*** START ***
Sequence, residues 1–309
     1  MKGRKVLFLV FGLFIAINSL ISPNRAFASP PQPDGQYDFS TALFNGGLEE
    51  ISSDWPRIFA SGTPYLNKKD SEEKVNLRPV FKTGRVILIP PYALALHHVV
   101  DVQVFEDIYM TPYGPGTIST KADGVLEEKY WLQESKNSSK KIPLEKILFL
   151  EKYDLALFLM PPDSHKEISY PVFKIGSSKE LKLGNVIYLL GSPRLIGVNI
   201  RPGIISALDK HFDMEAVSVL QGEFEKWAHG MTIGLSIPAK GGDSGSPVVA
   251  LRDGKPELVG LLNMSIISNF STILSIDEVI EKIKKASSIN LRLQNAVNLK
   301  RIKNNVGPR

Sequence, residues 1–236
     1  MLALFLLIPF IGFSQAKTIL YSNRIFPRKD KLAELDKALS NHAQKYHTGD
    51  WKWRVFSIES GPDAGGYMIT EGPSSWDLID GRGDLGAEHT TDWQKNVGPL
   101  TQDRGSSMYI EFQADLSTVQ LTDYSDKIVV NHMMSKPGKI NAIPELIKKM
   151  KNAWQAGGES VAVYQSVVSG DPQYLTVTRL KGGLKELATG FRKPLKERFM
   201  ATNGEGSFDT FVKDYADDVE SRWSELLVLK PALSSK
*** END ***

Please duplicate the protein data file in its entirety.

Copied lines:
Sequence, residues 1–309
     1  MKGRKVLFLV FGLFIAINSL ISPNRAFASP PQPDGQYDFS TALFNGGLEE
    51  ISSDWPRIFA SGTPYLNKKD SEEKVNLRPV FKTGRVILIP PYALALHHVV
   101  DVQVFEDIYM TPYGPGTIST KADGVLEEKY WLQESKNSSK KIPLEKILFL
   151  EKYDLALFLM PPDSHKEISY PVFKIGSSKE LKLGNVIYLL GSPRLIGVNI
   201  RPGIISALDK HFDMEAVSVL QGEFEKWAHG MTIGLSIPAK GGDSGSPVVA
   251  LRDGKPELVG LLNMSIISNF STILSIDEVI EKIKKASSIN LRLQNAVNLK
   301  RIKNNVGPR

Sequence, residues 1–236
     1  MLALFLLIPF IGFSQAKTIL YSNRIFPRKD KLAELDKALS NHAQKYHTGD
    51  WKWRVFSIES GPDAGGYMIT EGPSSWDLID GRGDLGAEHT TDWQKNVGPL
   101  TQDRGSSMYI EFQADLSTVQ LTDYSDKIVV NHMMSKPGKI NAIPELIKKM
   151  KNAWQAGGES VAVYQSVVSG DPQYLTVTRL KGGLKELATG FRKPLKERFM
   201  ATNGEGSFDT FVKDYADDVE SRWSELLVLK PALSSK